The Best Magnesium for Migraines
Migraine sufferers are all too aware of how these debilitating headaches can negatively affect a person’s quality of life.
Here, we’ll cover what to look for in the best magnesium for migraines.
What is a Migraine
Migraine headaches are characterized by painful throbbing or pulsing, usually relegated to one side of the head. They may be accompanied by nausea and sensitivity to lights and sounds. They can last from mere hours to days.
Migraine sufferers are often preceded by what is referred to as an aura, which can cause flashes of light to appear before the eyes, visual blind spots, or tingling and/or numbness on one side of the face or down the arm or leg.
Science has broken migraines down into three phases, the first of which is the aura referred to above. Next comes the attack, where the pain, nausea, and sensory sensitivity comes into play. Last comes the post drome, where people often experience extreme exhaustion and a continued sensitivity to lights.
Who Gets Migraines?
While migraines occur in the entirety of the population, women are three times more likely to suffer from them. A family history, age, and hormonal factors may also have the potential to make a person more likely to suffer from migraines.
These intense headaches are fairly common. More than 28 million Americans are said to suffer from migraines, both young and old, male and female.
What Causes Migraines
There are many potential migraine causes, some within your control and some that you have no power over. If you suffer from migraines, keep these things in mind to aid in the prevention of these awful headaches.
Some foods (aged cheeses, processed foods, or salty foods), food additives, drinks (like coffee or wine), external stimuli, or intense physical activity may lead to migraines. These are things you can take upon yourself to adjust to avoid migraines.
Medications, changes in barometric pressure, stress, hormonal changes, and changes in your sleep habits can also cause migraines. While you can’t avoid these things entirely, you can take steps to treat and prevent your migraines.
There are treatments for migraines that are intended to prevent migraines and there are medications marked to treat migraines that are already occurring. These drugs, both prescription and over the counter, can have severe side effects. This prompted research on whether lifestyle changes can help.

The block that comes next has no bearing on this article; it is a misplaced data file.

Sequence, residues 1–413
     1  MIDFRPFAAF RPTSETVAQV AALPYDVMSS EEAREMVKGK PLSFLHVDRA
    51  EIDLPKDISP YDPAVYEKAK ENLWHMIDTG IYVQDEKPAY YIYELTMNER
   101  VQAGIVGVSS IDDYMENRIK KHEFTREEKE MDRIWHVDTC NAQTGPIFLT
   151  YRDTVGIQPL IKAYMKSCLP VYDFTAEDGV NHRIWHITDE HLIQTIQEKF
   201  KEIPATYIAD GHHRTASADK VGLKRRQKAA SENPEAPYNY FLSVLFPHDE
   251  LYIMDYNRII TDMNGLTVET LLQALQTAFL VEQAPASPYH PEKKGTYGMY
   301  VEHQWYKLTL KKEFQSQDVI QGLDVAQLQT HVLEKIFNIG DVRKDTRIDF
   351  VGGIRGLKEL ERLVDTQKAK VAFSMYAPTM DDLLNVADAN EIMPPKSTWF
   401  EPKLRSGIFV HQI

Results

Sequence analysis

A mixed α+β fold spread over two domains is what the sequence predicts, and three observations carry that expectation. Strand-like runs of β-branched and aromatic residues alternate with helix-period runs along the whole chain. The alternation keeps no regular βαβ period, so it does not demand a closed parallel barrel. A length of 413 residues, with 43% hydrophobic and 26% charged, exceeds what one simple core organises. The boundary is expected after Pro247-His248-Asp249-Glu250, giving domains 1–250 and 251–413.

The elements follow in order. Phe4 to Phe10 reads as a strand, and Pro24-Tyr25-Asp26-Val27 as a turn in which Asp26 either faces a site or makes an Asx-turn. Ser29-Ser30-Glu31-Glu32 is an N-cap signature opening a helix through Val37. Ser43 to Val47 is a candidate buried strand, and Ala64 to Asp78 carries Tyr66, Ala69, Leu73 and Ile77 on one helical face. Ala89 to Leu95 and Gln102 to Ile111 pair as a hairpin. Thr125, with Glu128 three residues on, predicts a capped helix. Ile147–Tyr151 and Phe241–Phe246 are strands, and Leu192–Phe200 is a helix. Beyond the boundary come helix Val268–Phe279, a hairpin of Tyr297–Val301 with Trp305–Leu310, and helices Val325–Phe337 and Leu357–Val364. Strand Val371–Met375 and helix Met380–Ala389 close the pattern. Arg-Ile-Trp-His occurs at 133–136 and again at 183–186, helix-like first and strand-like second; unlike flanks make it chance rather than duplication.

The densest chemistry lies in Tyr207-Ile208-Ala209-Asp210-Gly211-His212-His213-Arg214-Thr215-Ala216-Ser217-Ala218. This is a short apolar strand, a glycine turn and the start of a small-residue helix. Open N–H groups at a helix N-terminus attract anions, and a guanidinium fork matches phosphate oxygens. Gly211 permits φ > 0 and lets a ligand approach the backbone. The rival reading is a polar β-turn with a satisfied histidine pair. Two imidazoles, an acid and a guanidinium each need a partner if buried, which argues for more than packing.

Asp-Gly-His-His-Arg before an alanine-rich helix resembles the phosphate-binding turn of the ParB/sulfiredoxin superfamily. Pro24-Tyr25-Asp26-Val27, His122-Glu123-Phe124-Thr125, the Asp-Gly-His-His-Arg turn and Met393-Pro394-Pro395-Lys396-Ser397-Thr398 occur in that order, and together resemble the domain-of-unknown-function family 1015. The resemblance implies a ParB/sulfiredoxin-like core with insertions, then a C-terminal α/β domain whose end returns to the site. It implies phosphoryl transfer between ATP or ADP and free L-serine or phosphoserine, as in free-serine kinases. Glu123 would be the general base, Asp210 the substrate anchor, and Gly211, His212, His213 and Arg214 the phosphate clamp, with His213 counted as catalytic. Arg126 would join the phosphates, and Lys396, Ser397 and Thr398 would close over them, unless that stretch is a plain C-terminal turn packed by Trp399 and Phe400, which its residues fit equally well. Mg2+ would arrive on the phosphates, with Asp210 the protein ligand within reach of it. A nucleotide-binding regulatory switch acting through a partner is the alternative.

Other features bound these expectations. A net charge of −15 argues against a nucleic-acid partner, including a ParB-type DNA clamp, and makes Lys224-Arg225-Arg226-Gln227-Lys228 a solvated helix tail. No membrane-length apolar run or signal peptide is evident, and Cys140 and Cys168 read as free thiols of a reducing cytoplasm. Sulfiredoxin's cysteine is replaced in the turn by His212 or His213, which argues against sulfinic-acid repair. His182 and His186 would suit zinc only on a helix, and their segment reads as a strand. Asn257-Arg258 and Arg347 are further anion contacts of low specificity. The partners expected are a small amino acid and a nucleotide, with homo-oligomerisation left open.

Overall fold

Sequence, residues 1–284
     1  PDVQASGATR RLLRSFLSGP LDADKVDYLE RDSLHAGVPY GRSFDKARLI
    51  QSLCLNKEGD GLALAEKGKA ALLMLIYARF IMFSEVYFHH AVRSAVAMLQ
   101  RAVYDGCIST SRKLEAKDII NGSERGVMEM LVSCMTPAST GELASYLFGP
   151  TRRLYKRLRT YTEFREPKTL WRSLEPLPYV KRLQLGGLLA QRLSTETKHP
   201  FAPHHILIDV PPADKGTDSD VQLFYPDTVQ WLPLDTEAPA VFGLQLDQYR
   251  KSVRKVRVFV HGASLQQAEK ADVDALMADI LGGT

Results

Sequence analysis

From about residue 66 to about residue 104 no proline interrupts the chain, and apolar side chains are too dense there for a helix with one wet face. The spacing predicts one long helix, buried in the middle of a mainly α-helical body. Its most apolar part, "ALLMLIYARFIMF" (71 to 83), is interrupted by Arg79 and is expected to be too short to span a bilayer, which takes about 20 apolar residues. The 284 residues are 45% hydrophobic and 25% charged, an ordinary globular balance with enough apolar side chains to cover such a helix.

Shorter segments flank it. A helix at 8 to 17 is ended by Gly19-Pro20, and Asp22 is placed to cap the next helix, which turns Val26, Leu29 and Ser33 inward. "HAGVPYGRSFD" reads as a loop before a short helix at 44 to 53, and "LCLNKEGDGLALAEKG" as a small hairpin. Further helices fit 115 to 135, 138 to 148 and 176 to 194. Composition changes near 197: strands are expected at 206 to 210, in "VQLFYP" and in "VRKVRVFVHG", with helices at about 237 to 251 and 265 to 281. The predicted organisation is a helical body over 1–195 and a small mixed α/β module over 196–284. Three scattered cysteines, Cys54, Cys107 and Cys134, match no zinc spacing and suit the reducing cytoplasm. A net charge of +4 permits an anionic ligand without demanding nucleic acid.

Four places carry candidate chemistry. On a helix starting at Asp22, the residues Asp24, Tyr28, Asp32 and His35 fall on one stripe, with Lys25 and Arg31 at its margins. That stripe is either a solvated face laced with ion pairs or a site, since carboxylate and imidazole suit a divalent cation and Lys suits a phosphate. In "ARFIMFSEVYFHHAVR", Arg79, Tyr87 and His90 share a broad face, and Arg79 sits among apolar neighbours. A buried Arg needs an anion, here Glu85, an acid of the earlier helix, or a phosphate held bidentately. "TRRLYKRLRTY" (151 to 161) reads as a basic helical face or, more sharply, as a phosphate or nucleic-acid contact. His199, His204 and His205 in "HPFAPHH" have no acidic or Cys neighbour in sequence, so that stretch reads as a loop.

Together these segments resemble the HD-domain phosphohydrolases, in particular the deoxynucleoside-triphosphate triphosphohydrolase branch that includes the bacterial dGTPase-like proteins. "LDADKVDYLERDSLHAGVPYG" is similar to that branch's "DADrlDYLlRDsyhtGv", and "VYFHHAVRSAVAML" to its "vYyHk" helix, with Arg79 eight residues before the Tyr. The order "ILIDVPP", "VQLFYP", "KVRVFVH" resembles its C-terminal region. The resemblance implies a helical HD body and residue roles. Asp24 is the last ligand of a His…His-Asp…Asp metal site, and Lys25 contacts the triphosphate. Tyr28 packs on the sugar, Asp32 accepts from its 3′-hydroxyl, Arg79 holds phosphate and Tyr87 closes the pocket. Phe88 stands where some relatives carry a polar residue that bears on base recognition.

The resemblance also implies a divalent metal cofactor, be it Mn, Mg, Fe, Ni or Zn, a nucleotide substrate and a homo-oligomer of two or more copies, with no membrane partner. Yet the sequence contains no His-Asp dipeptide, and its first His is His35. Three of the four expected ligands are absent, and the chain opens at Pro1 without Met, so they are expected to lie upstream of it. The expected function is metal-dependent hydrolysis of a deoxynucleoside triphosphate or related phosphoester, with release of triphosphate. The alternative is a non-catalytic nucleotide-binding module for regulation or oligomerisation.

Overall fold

Changes in diet, exercise, and sleep habits may contribute to fewer migraine headaches, as well. A less processed balanced diet of whole foods is something many migraine sufferers swear by. Moderate exercise can help as well. Extreme exertion is a no no, though.
One study showed that migraine sufferers are frequently deficient in magnesium, and that adding a magnesium supplement to your daily routine could help decrease the frequency of migraine attacks by more than 40%. It seems like magnesium supplementation is a no-brainer (pun intended) for migraines.
I personally have experienced a reduction in the frequency of migraines since starting magnesium supplements. For me, it’s nothing to make sure I’m getting plenty of this mineral if it means that I’m able to live a life more free from that debilitating pain.
How Does Magnesium Help?
The exact mechanism that allows magnesium to help treat and prevent migraines is, as of yet, still unknown. There are theories that the magnesium creates changes in the blood vessels of the brain that decrease the frequency and intensity of migraines.
As is always the case when you’re considering a new supplement, consult your physician first. Magnesium toxicity from supplementation is a very real risk, and magnesium can interact with some medications. Toxicity is particularly dangerous for kids, whose max dose of this mineral is much lower.
If your doctor is not open to the use of supplements to help keep you at your peak, you might consider a second opinion. While modern medicine definitely has its bonuses, a doctor who is willing to see beyond pharmaceutical help is important in maintaining your health.
Always keep supplements and other medications out of the hands of children. Toxicity is much more likely to occur in their little bodies. Topical magnesium supplements in particular provide an exceptional chance of creating toxicity, since it doesn’t even need to be ingested.
Choosing the Best Magnesium for Migraines
General rules that you’d use when picking out a supplement apply here, as well. You’ll want to pick a supplement made by a reputable company. A company that is GMP (good manufacturing practice) certified, or has other independent testing certifications is ideal.
Decide which supplement form is best for you. They come in all sorts of mediums these days, from topical sprays to gummies to more traditional capsules. It’s unlikely that one form is truly any more functional than the next, so pick whichever works best for you.
You’ll want a daily dosage that doesn’t exceed the recommended daily allowance for your age and sex for migraine prevention. Higher doses are sometimes recommended for the treatment of migraines that have already begun.
We’ll go over which is the best magnesium for migraines next. I’ll share my favorite magnesium supplement for migraines, as well.
NutriElite’s magnesium supplement is, hands down, my pick for the best magnesium for migraines. It’s free of any other ingredients that may not interest you, and it’s a high quality supplement for the money. It’s practical and dependable, and I love that the form of magnesium used doesn’t have a laxative effect.
Mag Essential’s spray is my pick for a more indulgent product. The essential oil blend is absolutely dreamy. Remember, be cautious when combining magnesium supplements like capsules and sprays to avoid taking in too much.
We here at Health Ambition.com would be glad to answer any other questions you may have about magnesium for migraines or anything related to health and wellness!